There were a number of munition factories in Belfast. Mackies on the Springfield Road employed 4,000 women in making shells, ammunition and bomb components.
In the textile factories, women manufactured thousands of uniforms, parachutes and camouflage nets for the armed services. It is estimated that 90% of all shirts required for war effort were made in Londonderry.
The Civil Defence Service employed women in the operations rooms. Many thousands served in the Red Cross, St John Ambulance Brigade and Civil Defence Nursing Reserve.
Women joined the Auxiliary Territorial Service (ATS), Women’s Auxiliary Air Force (WAAF) and Women’s Royal Naval Service (WRNS) and served with the armed forces in war theatres overseas and at home. Members of the WAAF helped to staff the RAF operations room at Parliament Buildings, Stormont. Members of the WRNS ran a shore-to-ship signal station at Belfast Castle and were responsible for briefing convoy commanders in Belfast Lough. There were 300 WRNS in Derry. Women serving in the ATS operated searchlights at coastal defence sites like Magilligan.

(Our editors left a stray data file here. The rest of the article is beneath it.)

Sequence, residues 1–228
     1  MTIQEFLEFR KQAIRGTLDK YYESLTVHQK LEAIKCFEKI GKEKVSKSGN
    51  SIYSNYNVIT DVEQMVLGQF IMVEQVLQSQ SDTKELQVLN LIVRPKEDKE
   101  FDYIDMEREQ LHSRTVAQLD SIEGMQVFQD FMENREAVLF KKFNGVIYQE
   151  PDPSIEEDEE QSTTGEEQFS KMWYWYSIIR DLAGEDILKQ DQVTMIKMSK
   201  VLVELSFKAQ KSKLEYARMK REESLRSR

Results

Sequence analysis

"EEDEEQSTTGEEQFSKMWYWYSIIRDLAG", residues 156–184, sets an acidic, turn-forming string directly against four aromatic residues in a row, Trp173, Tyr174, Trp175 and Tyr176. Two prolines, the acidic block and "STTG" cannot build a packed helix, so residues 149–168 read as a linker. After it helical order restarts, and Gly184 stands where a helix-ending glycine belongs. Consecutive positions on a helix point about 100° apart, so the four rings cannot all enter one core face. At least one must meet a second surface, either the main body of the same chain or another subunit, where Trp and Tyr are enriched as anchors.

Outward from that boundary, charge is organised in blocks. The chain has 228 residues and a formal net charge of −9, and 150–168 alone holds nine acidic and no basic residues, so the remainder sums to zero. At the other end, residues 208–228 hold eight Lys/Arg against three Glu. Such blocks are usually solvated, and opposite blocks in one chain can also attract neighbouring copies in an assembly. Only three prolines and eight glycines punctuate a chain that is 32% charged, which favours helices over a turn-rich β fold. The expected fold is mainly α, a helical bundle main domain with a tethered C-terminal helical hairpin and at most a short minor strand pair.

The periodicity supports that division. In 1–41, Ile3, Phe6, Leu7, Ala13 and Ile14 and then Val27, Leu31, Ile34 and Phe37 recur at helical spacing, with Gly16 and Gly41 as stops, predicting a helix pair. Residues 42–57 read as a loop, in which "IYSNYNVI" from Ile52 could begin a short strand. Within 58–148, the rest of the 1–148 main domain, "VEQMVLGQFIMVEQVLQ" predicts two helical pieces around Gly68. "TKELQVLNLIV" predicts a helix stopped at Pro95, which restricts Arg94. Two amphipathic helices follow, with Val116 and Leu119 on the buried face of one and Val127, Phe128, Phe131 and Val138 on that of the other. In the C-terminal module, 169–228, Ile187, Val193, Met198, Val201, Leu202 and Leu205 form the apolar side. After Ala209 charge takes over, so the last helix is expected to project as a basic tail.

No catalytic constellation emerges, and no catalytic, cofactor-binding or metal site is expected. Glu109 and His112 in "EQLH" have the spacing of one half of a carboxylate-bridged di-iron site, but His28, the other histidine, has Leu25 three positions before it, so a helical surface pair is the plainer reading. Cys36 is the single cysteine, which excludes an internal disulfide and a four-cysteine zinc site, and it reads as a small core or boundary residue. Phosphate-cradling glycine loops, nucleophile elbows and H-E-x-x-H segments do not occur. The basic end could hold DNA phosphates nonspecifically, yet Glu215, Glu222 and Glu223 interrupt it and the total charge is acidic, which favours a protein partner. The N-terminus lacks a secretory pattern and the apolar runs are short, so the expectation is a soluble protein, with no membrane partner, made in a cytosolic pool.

The Women’s Voluntary Service (WVS) helped families who were the victims of the Blitz. They clothed 7,000 people and served 70,000 meals after the Easter Tuesday air raid.
Women from churches and community groups ran canteens, organised dances and sent comfort parcels to soldiers.